What's in Your Personal Financial Index?
Planning your financial future has a lot to do with looking ahead and making assumptions. Those assumptions forecast what might happen to your finances in the future and enable you to plan so you can ensure you make the most of your money and achieve your financial objectives. This modelling shows your current position relative to your preferred position and your goals by assessing your current and forecasted wealth.
This detailed picture includes investments, debts, income and expenditures, which are projected forward, year by year using calculated rates of growth, income, inflation, wage increases, and interest rates.
Selecting the correct assumptions are important as small variations in the figures can greatly impact future planning.
The first key assumption is which rate of return you use for the growth of your investments.
The second key assumption is the rate of inflation.
Understanding how inflation works and your rate of inflation is essential. This will help you understand how much you need to return to keep up your future buying power. If you get a 5% increase in portfolio return, but inflation is 7%, you are at a net loss of 2% in terms of real value.
Inflation has been higher in the discretionary goods and services on which wealthier and middle-aged households spend a greater proportion of their income—items such as cars, furniture, hotels, and recreation.
Your own personal inflation rate is something to watch and is a valuable metric. We refer to this as your ‘Personal Inflation Index’. Whilst inflation indexes use standard data for each country, they encompass a lot of price points that you may not buy. On the other hand, your own personal inflation index may include items that have increased substantially that may not be recorded in, or have a more minor component of, the general index.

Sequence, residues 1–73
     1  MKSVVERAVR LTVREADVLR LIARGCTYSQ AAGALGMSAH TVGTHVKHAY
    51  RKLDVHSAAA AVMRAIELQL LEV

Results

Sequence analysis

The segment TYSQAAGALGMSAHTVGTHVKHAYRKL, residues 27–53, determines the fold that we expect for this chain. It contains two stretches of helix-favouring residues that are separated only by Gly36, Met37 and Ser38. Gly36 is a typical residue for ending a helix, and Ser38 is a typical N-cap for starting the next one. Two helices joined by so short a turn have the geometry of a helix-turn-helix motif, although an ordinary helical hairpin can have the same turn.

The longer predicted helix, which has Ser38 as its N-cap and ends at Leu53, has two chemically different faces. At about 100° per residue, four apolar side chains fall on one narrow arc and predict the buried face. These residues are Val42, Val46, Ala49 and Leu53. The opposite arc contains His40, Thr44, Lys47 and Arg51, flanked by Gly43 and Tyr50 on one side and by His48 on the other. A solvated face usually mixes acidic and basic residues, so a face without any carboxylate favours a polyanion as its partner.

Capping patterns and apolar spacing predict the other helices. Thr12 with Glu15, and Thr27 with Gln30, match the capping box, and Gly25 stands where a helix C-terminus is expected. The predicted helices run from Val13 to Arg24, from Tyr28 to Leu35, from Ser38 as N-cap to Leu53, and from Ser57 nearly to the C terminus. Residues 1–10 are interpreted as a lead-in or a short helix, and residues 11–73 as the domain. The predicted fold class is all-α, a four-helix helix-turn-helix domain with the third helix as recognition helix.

Looking at your index when it comes to planning is important so you know what required rate of return you need a portfolio of assets to achieve. Your expenses will be different to the general consumer index, such as the CPI (Consumer price index).
If you have children located around the world, the cost of travel, flights, hotels, and the like will have an impact on your assumptions. The current increases in school fees do generally outstrip the inflation index. The cost of private health care also tends to be higher than standard indexes.
Without acknowledging inflation and the real buying power of your income, you may slowly fall behind on your financial goals. But, by building out a solid financial strategy, understanding your current index, and calculating how much money you actually need to pursue your long-term goals, you will be better positioned to achieve your life’s objectives.
Retirement spending also requires your personal index to be accurate—you don't want to run out of money. Your expenses will be funded from your income and assets, you should keep a check on the inflation of the expenses to help make sure your money lasts.
With every financial corner you turn, it is important to run through the numbers, which will help you make the right financial decisions. It is important to be specific. For example, it is not enough to say, “I want to have enough to retire comfortably.” It would be best if you thought realistically about how much you will need—the more specific you are, the easier it will be to come up with a plan to achieve your goals.
Avrio Wealth builds financial plans for our clients and we discuss personal inflation as part of your assumptions.
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